Blog: Consumer Advice

UK Government gets serious about consumer IoT security. Legislation on the way

Ken Munro 01 May 2019

The Digital Minister Margot James today announced a concrete mandate for dealing with the slew of insecure IoT dross that has plagued consumers over the last few years.

The aim is simple, to ensure that the millions of household items that are connected to the internet are better protected from cyber attacks.

The basics

Although it is early in the consulting stage there are strong indications that it will be clear and effective. For example the consultation focuses on mandating the top three security requirements that are set out in the current ‘Secure by Design’ code of practice:

  • IoT device passwords must be unique and not resettable to any universal factory setting.
  • Manufacturers of IoT products provide a public point of contact as part of a vulnerability disclosure policy.
  • Manufacturers explicitly state the minimum length of time for which the device will receive security updates through an end of life policy.


One of the options is to introduce a mandatory labelling scheme, where a label would indicate to consumers how secure the devices are. This means that retailers could only sell approved devices. This is a huge step forward.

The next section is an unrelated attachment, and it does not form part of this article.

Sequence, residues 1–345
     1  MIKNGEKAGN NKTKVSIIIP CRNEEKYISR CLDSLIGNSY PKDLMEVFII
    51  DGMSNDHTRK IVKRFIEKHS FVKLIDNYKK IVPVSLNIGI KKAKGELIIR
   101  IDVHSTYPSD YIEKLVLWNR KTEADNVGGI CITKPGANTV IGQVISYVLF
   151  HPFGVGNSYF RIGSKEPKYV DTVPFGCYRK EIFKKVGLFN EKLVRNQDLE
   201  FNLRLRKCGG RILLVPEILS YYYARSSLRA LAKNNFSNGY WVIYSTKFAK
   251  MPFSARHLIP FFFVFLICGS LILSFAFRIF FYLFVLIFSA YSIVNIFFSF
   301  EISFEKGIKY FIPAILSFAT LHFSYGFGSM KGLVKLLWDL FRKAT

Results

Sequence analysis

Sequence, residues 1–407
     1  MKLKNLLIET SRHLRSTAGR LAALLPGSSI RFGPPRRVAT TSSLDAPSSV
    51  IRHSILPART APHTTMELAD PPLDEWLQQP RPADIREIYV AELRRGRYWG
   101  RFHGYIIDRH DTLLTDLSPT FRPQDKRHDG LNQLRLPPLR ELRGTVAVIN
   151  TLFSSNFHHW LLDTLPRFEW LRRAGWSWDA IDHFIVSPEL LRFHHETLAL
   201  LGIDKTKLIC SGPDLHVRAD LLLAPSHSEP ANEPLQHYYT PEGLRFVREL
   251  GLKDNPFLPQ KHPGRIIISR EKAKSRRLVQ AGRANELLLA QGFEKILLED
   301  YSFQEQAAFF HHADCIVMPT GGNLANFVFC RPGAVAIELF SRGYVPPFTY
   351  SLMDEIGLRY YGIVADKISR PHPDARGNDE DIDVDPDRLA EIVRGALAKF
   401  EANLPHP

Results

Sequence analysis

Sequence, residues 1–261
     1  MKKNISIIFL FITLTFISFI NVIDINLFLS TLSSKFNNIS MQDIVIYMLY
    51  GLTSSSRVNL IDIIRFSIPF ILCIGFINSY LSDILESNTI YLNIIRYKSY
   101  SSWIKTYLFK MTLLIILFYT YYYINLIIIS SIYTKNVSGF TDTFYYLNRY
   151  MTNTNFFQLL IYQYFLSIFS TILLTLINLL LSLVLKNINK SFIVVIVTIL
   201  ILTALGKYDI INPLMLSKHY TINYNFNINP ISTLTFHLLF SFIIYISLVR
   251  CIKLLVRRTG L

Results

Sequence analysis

Our view has always been that while labelling is a useful option, a far stronger message could be sent. If there was a legal requirement that retailers could not sell any products that don’t adhere to the top three security requirements of the Code it would force manufacturers into line.

So, the UK looks like it will be getting the best IoT legislation in the world, starting with a coherent plan for connected devices:

  • Basic cyber security features to be built into products
  • Consumers will get better information on how secure their devices are
  • Consultation now launched ahead of potential legislation

Security research CAN create change

We’ve been banging on about IoT security for the last five years. Whether that’s through blogging our research findings, presenting them, or briefing UK, US, EU and other government departments, we made it our mission to shine a light on poor practice, and contemptible behaviour from manufacturers.


This is a great start, something to be genuinely pleased about, but it is early days and a fairly ‘light touch’. We hope that the government will also commit to a programme of continual improvement of smart product security.